DelGrosso tapped as new Minority Leader in House

The Colorado Statesman

Rep. Brian DelGrosso, R-Loveland, was elected by acclamation Thursday morning as the House Republican Minority Leader, succeeding Rep. Mark Waller who resigned his leadership post earlier this month so he can run for attorney general.

“I am both humbled and honored that my colleagues have entrusted me with this new role,” said DelGrosso afterwards.

Waller, of Colorado Springs, said DelGrosso’s experience on both the House Finance and House Appropriations Committee “gave him an intimate understanding of the fiscal realities that confront our state, and his enterprising spirit will serve him well as he helps our party shape the policies and solutions that will help every Colorado family and business owner improve their fortunes.”

Rep. Brian DelGrosso

DelGrosso joined the Legislature in the summer of 2009 with virtually no political involvement with the Republican Party at any significant level and was a virtual unknown among well-connected politicos.

“I’ve never been elected before,” DelGrosso told The Colorado Statesman shortly after 55 Larimer County Republicans on the HD 51 vacancy committee selected him to replace Rep. Don Marostica, who took a new job as director of the state’s Office of Economic Development and International Trade.

“This is a whole new world,” he said.

DelGrosso, who owns three Domino’s Pizza outlets in the Loveland and Windsor areas, brought nothing but his business sense and his fresh face to the vacancy election in Loveland back in 2009. He defeated two better-known opponents with flawless conservative credentials who also were vying to replace Marostica, who was considered by many in the Larimer GOP to be too moderate for the district he served.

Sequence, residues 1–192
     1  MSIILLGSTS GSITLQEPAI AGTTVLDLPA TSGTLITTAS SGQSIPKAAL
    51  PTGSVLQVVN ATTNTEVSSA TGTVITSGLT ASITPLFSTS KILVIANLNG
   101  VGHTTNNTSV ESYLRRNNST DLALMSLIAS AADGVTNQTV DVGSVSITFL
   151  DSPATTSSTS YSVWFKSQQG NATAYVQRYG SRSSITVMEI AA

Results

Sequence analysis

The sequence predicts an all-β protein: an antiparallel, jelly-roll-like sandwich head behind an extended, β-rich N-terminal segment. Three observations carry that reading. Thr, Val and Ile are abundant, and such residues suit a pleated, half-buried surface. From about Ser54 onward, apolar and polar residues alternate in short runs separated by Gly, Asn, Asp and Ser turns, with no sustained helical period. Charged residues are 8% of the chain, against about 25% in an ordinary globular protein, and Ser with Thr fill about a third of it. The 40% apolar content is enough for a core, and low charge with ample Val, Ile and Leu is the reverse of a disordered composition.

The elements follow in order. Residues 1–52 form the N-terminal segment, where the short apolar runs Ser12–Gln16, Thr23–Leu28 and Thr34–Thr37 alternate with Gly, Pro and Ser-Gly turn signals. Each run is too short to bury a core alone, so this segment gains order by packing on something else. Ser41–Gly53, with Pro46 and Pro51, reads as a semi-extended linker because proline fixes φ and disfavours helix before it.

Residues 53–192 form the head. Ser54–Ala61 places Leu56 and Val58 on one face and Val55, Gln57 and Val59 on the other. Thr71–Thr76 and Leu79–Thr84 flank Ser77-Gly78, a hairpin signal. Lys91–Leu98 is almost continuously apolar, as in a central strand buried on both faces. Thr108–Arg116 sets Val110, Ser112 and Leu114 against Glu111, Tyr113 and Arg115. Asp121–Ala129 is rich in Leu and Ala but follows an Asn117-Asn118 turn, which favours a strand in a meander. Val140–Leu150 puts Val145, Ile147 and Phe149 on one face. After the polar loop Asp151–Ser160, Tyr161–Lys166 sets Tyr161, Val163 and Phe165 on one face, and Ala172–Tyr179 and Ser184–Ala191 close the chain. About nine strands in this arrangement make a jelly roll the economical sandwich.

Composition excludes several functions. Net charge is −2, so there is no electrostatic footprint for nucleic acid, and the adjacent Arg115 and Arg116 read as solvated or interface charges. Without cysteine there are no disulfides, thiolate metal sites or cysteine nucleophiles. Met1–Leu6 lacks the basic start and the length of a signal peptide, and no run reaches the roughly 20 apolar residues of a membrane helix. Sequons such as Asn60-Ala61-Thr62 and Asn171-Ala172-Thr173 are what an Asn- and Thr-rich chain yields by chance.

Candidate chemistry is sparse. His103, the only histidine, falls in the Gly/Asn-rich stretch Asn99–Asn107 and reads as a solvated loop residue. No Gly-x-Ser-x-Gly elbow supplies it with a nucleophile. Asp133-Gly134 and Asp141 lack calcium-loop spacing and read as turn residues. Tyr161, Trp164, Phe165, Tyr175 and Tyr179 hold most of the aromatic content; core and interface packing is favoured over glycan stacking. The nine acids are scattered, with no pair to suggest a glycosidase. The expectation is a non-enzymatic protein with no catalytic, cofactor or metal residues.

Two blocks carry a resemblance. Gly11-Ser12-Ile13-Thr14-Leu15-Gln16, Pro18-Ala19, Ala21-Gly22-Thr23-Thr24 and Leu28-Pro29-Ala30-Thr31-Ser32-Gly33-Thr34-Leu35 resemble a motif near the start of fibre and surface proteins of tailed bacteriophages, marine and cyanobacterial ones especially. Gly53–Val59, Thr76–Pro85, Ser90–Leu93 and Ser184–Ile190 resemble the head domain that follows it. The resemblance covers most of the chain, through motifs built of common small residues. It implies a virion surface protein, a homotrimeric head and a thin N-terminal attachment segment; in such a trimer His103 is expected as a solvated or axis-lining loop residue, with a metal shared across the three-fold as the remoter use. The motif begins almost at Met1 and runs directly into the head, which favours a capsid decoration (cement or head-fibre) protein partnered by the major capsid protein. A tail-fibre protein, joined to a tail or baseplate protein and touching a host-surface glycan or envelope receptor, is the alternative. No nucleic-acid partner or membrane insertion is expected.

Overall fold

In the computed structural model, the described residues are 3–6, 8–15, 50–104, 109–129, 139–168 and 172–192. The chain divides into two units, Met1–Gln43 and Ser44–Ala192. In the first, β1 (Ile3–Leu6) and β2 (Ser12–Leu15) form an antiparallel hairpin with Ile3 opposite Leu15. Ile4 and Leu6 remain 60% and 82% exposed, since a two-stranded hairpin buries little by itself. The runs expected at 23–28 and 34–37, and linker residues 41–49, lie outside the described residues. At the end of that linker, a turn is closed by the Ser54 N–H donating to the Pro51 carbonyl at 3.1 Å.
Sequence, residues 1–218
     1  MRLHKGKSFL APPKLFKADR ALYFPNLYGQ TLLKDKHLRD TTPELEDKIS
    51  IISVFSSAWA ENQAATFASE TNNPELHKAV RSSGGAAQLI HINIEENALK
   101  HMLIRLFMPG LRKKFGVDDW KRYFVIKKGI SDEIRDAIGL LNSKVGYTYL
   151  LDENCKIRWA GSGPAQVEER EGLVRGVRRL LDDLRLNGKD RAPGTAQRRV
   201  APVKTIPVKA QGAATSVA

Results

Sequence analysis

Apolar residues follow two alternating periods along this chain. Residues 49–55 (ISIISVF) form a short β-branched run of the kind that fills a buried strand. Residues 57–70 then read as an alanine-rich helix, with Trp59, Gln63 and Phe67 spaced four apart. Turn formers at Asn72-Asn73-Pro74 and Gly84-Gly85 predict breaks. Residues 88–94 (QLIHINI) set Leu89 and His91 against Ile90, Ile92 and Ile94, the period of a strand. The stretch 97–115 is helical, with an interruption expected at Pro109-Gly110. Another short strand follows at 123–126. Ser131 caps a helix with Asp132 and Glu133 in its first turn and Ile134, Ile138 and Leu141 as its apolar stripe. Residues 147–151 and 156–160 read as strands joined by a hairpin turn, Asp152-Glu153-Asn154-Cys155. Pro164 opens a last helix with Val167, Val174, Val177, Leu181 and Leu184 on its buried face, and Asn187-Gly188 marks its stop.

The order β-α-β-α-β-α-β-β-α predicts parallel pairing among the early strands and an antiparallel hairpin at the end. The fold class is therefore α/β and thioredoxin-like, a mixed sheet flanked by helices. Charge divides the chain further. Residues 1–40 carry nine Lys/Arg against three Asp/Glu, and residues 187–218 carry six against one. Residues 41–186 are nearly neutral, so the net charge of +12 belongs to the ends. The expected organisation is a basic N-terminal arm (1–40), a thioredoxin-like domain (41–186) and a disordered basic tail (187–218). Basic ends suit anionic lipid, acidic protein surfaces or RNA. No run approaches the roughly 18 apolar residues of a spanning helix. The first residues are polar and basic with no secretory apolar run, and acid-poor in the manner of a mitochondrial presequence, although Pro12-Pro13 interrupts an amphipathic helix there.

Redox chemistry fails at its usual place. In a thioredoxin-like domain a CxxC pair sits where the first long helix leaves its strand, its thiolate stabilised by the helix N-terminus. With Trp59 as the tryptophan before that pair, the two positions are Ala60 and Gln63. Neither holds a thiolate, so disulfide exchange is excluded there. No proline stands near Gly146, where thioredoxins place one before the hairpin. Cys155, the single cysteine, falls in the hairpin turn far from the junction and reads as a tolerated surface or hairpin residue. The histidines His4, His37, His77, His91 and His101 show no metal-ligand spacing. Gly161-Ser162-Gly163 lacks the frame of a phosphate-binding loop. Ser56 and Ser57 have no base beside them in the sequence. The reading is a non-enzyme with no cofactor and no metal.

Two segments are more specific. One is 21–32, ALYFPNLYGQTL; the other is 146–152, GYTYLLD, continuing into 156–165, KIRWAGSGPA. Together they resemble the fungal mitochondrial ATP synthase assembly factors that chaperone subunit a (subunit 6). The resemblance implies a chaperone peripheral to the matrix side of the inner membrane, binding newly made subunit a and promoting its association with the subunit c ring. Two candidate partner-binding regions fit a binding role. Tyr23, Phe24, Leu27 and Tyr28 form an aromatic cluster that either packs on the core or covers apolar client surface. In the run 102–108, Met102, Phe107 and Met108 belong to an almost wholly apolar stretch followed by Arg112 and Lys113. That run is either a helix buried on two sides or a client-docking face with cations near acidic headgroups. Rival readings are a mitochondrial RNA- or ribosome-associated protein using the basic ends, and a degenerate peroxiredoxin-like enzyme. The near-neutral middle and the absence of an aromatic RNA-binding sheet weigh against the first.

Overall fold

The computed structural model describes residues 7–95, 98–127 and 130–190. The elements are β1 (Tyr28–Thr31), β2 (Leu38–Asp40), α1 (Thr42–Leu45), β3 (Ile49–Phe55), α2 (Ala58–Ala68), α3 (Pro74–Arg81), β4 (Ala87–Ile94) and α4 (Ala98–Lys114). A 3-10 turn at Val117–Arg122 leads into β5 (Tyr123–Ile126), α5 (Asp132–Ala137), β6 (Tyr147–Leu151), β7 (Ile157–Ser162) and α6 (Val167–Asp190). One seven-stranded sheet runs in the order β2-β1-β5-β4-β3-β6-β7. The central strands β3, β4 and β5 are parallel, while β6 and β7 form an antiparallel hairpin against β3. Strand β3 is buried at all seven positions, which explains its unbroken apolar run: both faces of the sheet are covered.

After the candidates made their speeches and the votes were counted, DelGrosso had won the vacant seat on the second ballot — much to his amazement.

“I'm definitely surprised,” the stunned first-timer told The Statesman at the time. “From the beginning, I was told that I was a long shot to win (but) that, even if I was not going to win, (I) should be in it for the experience. And then I ended up winning. I'm totally surprised.”

Unlike most of his opponents for the vacant position — who spent the bulk of their floor speeches decrying Democrats, criticizing President Barack Obama and railing against health care reform, runaway spending and the loss of liberty and socially conservative values — DelGrosso used his 90 seconds to talk about his struggle as a business owner.

“Our economy is struggling, our families are struggling, and businesses are struggling to stay open and not just laying people off,” DelGrosso said.

“I know a lot of the candidates are saying a lot of the same stuff. But I think my vast experience as a business owner is what differentiates (me),” he continued before the vacancy committee voted.

“I know what it’s like to have to be responsible for an employee. I know what it's like to have to lead them. I know what it's like to have to meet a payroll and guide a business,” he told vacancy committee members four years ago.

Born and raised in Cheyenne, Wyo., DelGrosso moved to Colorado after serving in the Air Force and the Wyoming National Guard.

DelGrosso’s deep understanding of the obstacles confronting business owners across the state helped him quickly develop a name for himself as one of the business community’s staunchest advocates, his Republican caucus pointed out this week, first during the 2010 debate surrounding the Democrats “dirty dozen” tax increases, and later in his role serving on the House Finance and House Appropriations Committee.

Speaker Mark Ferrandino, D-Denver, congratulated DelGrosso on his election by the House Republican caucus as minority leader.

“I admire Brian’s analytical skills and his willingness to work hard to find common ground,” Ferrandino said. “We don’t always agree, but we do always manage to have a productive dialogue. I congratulate him and hope he will lead his caucus toward bipartisan solutions on the issues most important to the people of Colorado.”